A number of recent studies have provided important insights on the pathophysiology, clinical course and treatment of secondary-progressive multiple sclerosis (SPMS). SPMS is generally characterized as a progressive accumulation of disability after an initial relapsing course; further modifiers are active disease (relapses and/or new MRI lesions) with or without progression, not active with progression and not active and no progression (stable disease) (Lublin et al. Neurology 2014;83:278-286).
In clinical practice, a U.S. chart review reported that most neurologists diagnosed SPMS based on progressive disability accumulation independent of relapse activity, with disability progression confirmed at six months (Naismith et al. AAN 2020; abstract 007). MS specialists were more likely to characterize SPMS as active compared to general neurologists (73% vs. 59%).
The average age at onset is 45 years + 10 years, with the transition to SPMS typically lasting about five years (Coyle P. CMSC 2020). Risk factors for the development of SPMS include older age, longer disease duration, a more rapid disability trajectory and a greater number of relapses in the previous year (Fambiatos et al. Mult Scler 2020;26:79-90).
Ongoing disease activity is a common finding during the secondary-progressive phase and appears to have prognostic value. A Mayo Clinic analysis reported that 29.5% of SPMS patients continued to have relapses after progression onset (Paz Soldan et al. Neurology 2015;84:81-88). Of particular importance was that relapses after progression onset was an independent risk factor for reaching EDSS 6.0 (hazard ratio 1.37). The authors estimated that ongoing relapses after progressive MS onset shortened the time to EDSS 6.0 by two years.
During the course of SPMS, a recent finding is the development of focal white matter lesions that are not due to transmigration of inflammatory cells across the blood-brain barrier (Mahsa Dadar et al. Mult Scler 2020; epublished March 23, 2020). A three-year follow-up of 589 SPMS patients found that diffuse abnormal white matter consolidated into focal white matter lesions over time. An increasing focal white matter lesion volume was correlated with a worsening EDSS score. This suggests the need to target diffuse white matter abnormalities early in progression to slow the evolution of progressive tissue damage.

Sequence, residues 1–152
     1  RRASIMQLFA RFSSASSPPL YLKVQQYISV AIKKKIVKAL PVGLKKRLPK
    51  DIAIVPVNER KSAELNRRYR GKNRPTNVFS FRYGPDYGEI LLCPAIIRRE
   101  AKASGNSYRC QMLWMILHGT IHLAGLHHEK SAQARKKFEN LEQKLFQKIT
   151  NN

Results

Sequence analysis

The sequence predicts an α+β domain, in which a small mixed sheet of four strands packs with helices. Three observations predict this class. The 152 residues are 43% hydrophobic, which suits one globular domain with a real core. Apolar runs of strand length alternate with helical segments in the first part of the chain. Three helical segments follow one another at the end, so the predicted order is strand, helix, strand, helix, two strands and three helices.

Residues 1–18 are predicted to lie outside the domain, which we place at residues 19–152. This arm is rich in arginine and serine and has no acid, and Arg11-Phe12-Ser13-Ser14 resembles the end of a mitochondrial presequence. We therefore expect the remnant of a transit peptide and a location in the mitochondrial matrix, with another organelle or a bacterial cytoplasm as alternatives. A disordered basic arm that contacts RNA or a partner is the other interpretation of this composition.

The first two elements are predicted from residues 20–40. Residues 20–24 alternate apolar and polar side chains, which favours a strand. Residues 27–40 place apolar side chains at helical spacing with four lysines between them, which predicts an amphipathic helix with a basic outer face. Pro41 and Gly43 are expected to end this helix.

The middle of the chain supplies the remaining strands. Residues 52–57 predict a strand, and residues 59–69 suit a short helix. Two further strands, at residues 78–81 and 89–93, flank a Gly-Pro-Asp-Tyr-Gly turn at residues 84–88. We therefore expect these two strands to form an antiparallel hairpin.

Siponimod, a sphingosine 1-phosphate receptor-1,5 modulator, was recently approved in Canada for the treatment of active SPMS based on the results of the EXPAND trial, which demonstrated a 21% reduction in 3-month confirmed disability progression with siponimod relative to placebo (Kappos et al. Lancet 2018;391:1263-1273). The drug sequesters pathogenic lymphocyte subsets in secondary lymphoid tissue. Siponimod has recently been shown to downregulate genes involved in T and B cell activation and receptor signalling, resulting in a reduction in CD4+ and CD8+ T cells and B cells, and enrichment of the regulatory T (Treg) and B (Breg) cell pool (Wu et al. JCI Insight 2020;5:e134251).
New data were presented at the European Academy of Neurology virtual congress. Siponimod crosses the blood-brain barrier (Bigaud et al. EAN 2020; EPR1152) and two analyses reported on the effect of the drug on CNS tissue. In the EXPAND MRI substudy, siponimod had a significant effect on the magnetization transfer ratio (MTR), a marker of myelin density, in normal-appearing white matter, with complete suppression of MTR decline at 24 months (Arnold et al. EAN 2020; EPR1147). Treatment was also associated with improvement in MTR recovery in new lesions; the authors noted that this finding was consistent with promotion of remyelination.
A separate analysis reported significant reductions with siponimod versus placebo in cortical grey-matter atrophy and thalamic atrophy at months 12 and 24. Benefits on GM and thalamic atrophy were also observed in the subgroups of patients aged >45 years (cGM 58% reduction, thalamic atrophy 31% reduction at month 24), higher EDSS score (EDSS >6) (64% and 43% reduction, respectively), non-active disease (71% and 58%, respectively) and prior DMT use (65% and 44%, respectively) (Vermersch et al. EAN 2020; EPR3098).
A post-hoc analysis of the EXPAND dataset examined treatment effects in the subgroup with active disease (n=779), defined as relapses in the two years prior to screening and/or one or more Gd+ lesions at baseline (Gold et al. EAN 2020; EPR2118). There was a significant reduction in time to 3-month and 6-month confirmed disability progression (31% and 37%, respectively) with siponimod versus placebo. Moreover, siponimod increased the chance of improved cognitive processing speed by 51% and reduced the risk of sustained cognitive worsening by 28%.
Conversely, siponimod also reduced the risk of disability progression in non-relapsing patients in the EXPAND cohort, according to an analysis presented at the Consortium of MS Clinics (CMSC) annual meeting (Cree et al. CMSC 2020; abstract DXT10). In the subgroup of patients who were relapse-free in the 1 year prior to entry, there was a 25% reduction in 6-month confirmed disability progression with siponimod versus placebo.
Also noteworthy were the results from the EXPAND extension study (Kappos et al. EAN 2020; abstract EPR2128). For patients on continuous siponimod, an estimated 59% had no 6-month confirmed disability worsening and 68% had no confirmed cognitive worsening on SDMT (>4 points) up to month 48. The risk of 6-month CDP was reduced 22% with continuous siponimod versus delayed treatment (placebo/siponimod arm). The authors concluded that the benefits of siponimod in slowing physical and cognitive impairment are sustained for up to five years.